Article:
Providence, RI2.67
Lubbock, TX2.63
Bismarck, ND2.46
Washington, DC2.07
Burlington, VT2.05
Hartford, CT1.92
St. Paul, MN1.89
Worcester, MA1.89
Baltimore, MD1.85
Minneapolis, MN1.79
White Plains, NY1.74
Bangor, ME1.74
Manhattan, NY1.74
Portland, ME1.57
Seattle, WA1.48
Salt Lake City, UT1.44
Casper, WY1.43
Wilmington, DE1.36
Richmond, VA1.17
Baton Rouge, LA1.03
Lebanon, NH1.00

 

Slide 13

Slide 13. CABG surgery per 1,000 Medicare enrollees (2005)

CABG surgery per 1,000 Medicare enrollees (2005)

 
HRRRatio to lowest
Lubbock, TX2.59
Baton Rouge, LA2.34
Baltimore, MD1.88
  
Providence, RI1.16
Worcester, MA1.15
Seattle, WA1.14

 

Slide 14

Slide 14. Percutaneous coronary intervention per 1,000 Medicare enrollees (2005)

Percutaneous coronary intervention per 1,000 Medicare enrollees (2005)

 
HRRRatio to lowest
Lubbock, TX2.59
Worcester, MA1.86
Baltimore, MD1.77
  
Providence, RI1.21
Seattle, WA1.09
Baton Rouge, LA1.05

Slide 15

Slide 15. Back surgery per 1,000 Medicare enrollees (2005)

Back surgery per 1,000 Medicare enrollees (2005)

 
HRRRatio to lowest
Casper, WY5.41
Lubbock, TX3.23
Bismarck, ND3.17
Salt Lake City, UT2.91
Baltimore, MD2.81
St. Paul, MN2.79
Minneapolis, MN2.57
Seattle, WA2.54
Washington, DC2.41
Richmond, VA2.25
Portland, ME1.97
Wilmington, DE1.85
Hartford, CT1.63
Worcester, MA1.63
Bangor, ME1.48
Baton Rouge, LA1.45
White Plains, NY1.37
Providence, RI1.36
Burlington, VT1.24
Lebanon, NH1.17
Manhattan, NY1.00

 

Slide 16

Slide 16. Preventive Surgery

Preventive Surgery

 
ConditionTreatment Options
Silent gall stonesSurgery versus watchful waiting
Chronic stable anginaPCI vs CABG vs other methods
Carotid artery stenosisEndarterectomy vs drugs
Herniated discBack surgery vs other strategies
Early prostate cancerSurgery vs radiation vs waiting
Enlarged prostate (BPH)Surgery vs other strategies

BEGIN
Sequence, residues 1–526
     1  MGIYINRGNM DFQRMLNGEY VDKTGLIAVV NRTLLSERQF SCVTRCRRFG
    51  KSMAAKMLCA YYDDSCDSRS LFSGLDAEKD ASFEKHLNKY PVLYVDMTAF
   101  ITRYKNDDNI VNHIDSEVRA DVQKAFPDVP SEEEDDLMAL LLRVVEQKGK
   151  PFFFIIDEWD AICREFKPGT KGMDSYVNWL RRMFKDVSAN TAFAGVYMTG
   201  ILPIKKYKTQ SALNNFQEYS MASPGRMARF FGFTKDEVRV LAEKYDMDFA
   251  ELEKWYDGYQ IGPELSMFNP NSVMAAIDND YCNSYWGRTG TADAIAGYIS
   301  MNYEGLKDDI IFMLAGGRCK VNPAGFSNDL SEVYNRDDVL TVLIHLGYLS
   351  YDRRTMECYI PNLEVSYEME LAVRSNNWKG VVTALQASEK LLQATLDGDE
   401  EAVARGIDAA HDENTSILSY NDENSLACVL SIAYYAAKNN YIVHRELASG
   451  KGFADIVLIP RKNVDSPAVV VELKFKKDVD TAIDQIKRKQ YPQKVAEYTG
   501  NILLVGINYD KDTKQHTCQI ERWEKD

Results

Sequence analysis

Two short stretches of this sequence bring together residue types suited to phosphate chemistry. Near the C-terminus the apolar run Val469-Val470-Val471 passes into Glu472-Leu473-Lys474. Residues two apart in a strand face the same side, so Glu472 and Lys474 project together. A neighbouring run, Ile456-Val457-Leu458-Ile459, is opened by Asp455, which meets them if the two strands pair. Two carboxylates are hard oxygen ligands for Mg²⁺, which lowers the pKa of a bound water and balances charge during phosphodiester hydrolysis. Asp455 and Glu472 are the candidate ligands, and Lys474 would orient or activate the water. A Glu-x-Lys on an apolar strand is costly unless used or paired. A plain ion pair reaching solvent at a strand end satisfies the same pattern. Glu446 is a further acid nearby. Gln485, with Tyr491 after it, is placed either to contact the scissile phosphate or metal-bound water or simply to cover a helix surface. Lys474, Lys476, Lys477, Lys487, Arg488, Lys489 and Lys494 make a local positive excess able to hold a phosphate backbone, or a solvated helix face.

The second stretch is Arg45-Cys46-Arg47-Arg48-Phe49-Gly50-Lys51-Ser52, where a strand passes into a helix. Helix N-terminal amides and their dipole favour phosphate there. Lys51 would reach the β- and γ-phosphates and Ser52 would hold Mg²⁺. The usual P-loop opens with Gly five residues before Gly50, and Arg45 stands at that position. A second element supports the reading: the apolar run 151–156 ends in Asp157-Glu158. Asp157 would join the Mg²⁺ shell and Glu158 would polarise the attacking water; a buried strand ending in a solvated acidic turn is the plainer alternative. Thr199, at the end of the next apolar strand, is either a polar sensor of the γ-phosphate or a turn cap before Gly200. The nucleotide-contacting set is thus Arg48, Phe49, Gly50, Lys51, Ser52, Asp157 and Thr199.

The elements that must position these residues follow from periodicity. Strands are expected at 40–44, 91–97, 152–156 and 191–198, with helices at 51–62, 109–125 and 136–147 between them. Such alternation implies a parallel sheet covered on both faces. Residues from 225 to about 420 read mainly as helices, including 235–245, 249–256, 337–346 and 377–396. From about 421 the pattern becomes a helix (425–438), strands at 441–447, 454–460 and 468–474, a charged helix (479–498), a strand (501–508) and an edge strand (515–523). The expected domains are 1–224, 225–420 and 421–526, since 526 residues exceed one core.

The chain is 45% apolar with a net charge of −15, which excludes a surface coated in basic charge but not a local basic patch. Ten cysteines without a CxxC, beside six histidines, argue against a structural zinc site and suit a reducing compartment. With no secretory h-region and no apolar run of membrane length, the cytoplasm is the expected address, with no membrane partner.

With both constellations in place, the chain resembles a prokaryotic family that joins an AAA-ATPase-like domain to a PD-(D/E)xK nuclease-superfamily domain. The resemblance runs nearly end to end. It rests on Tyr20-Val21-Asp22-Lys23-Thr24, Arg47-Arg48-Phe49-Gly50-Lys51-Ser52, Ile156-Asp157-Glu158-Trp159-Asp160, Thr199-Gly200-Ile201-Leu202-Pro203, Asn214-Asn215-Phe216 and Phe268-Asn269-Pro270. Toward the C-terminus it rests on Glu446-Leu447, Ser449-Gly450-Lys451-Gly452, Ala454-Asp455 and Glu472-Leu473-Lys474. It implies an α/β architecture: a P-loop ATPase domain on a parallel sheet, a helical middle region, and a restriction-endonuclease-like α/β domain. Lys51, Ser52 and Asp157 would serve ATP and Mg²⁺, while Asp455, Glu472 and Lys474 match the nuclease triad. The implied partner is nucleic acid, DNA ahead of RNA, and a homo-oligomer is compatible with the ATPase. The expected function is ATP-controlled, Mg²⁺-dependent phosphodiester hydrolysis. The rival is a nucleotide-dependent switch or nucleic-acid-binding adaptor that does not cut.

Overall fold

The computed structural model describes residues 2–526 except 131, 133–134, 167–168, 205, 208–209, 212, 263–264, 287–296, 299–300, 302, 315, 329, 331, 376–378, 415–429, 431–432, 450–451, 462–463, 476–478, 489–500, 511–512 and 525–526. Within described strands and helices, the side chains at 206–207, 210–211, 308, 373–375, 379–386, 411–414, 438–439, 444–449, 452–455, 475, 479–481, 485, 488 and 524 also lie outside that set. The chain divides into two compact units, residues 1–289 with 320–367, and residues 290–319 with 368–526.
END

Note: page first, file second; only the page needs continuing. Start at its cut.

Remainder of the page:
Slide 17

Slide 17. Image of Journal Article: Decision aids for patients facing health treatment or screening decisions: systematic review

Image of Journal Article: Decision aids for patients facing health treatment or screening decisions: systematic review

 

Slide 18

Slide 18. Which rate is right?  Impact of improved decision quality on surgery rates: BPH

Which rate is right? Impact of improved decision quality on surgery rates: BPH

Knowledge of relevant treatment options and outcomes

Concordance between patient values and care received

Source: John E. Wennberg

 

Slide 19

Slide 19. Bottom Line Implications:

Bottom Line Implications:

1. Clinical appropriateness should be based on sound evaluation of treatment options (comparative effectiveness and outcomes research)

2. Medical necessity should be based on Informed Patient Choice among clinically appropriate options -- high quality shared decision-making

 

Slide 20

Slide 20. Proportion of Medicare Spending Attributed to Each Category of Unwarranted Variation

Proportion of Medicare Spending Attributed to Each Category of Unwarranted Variation

Pie Chart

Preference Sensitive Care - 25%
Effective Care - 12%
Supply Sensitive Care - 63%

Source: John E. Wennberg and Dartmouth Atlas
 

 

Slide 21

Slide 21. Image - THE HEALTH CARE TRAIN WRECK

THE HEALTH CARE TRAIN WRECK

We're wasting $600 - 800 BILLION annually on unnecessary care

Part of the solution requires rethinking prevention and clinical decision making.

Current as of December 2009
Internet Citation: Too Much Prevention: What Not to Do in the Primary Care Setting (Text version). December 2009. Agency for Healthcare Research and Quality, Rockville, MD. http://www.ahrq.gov/news/events/conference/2009/brownlee/index.html